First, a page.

In addition there are downloadable resources and lesson plans available for all participating schools. These are accessed using the login panel above and the password will be provided to you by the Project Officer.Also see our Frequently asked questions [pdf].
Who can enter?
The competition is open to all non-fee paying secondary schools and FE colleges in England, Scotland, Wales and Northern Ireland.
Students must be in Years 10-13 in England in Wales, Years 11-14 in Northern Ireland and S4-S6 in Scotland at the time of the competition heats (November 2014).
Each school enters a team of 15 students (16 in Scotland) and can also nominate a court reporter and press officer.
If your chosen heat is oversubscribed, you may be allocated a reserve place. Reserve schools prepare for the competition and may attend the court on the day, but will only have the opportunity to compete if another school withdraws. We cannot predict when or if this will happen, but schools do drop out each year and reserve teams have enjoyed considerable success.
Where possible, reserve schools are given a secured place in the following year's competition provided that they apply before the deadline. In some of our most popular heats it may not be possible for all reserve teams to be placed in the competition the following year.
The cost of entry to the competition is a non-refundable fee of £95.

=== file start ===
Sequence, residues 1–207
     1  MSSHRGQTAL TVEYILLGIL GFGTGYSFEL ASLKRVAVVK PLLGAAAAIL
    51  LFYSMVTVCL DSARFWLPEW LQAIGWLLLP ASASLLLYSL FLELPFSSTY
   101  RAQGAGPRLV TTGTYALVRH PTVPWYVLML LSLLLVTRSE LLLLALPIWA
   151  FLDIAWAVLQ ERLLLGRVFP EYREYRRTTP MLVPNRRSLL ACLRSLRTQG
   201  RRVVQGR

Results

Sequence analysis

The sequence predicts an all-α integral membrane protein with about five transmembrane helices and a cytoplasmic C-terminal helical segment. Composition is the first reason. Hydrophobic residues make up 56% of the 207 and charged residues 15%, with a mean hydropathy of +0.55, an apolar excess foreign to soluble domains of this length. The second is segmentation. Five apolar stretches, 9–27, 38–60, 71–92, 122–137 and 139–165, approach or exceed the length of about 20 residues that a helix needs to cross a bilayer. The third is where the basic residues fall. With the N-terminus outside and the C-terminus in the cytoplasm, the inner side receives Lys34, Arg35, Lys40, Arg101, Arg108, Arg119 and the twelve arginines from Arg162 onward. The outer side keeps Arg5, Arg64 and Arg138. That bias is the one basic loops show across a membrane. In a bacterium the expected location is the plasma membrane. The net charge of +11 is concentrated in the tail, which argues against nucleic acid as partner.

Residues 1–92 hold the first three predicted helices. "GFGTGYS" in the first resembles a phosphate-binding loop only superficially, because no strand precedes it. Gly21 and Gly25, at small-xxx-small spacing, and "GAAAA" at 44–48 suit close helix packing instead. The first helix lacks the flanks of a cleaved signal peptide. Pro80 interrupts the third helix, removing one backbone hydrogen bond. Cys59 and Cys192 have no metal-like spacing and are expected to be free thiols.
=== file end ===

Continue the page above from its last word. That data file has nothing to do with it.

If you withdraw from the competition before 12th September 2014 your school will be refunded their entry fee if they can no longer participate.
Please see the competition terms and conditions [pdf] for more information about entry fees and deposits.
See How to enter for application details.
Online applications for the 2014/15 competition will be open from 28th April 2014 until 12th June 2014. Schools will be notified of their place (or reserve place) and sent their guides and cases at beginning of July 2014.
Barristers or advocates will be allocated to schools (where possible) around September and October 2014. Schools will attend a Crown Court to compete in a regional heat in November 2014. The 16 winners of the regional heats will participate in the national final at Edinburgh in March 2015.
The competition relies very heavily on the work and assistance of judges, barristers, advocates and court staff. Not only do they open their courts for the mock trials but also voluntarily contribute their time to help organise heats and assist schools with their preparations.
If you are would be interested in volunteering on the scheme please email us for more details about getting involved in your local competition.
Interested in a career as a barrister?
The Bar Council, which represents barristers in England and Wales, along with the four Inns of Court, has made some films which can be found in the careers’ section of the Bar Council website. You will find information on the different stages of training and read profiles from barristers, which will help to demystify entry to the profession.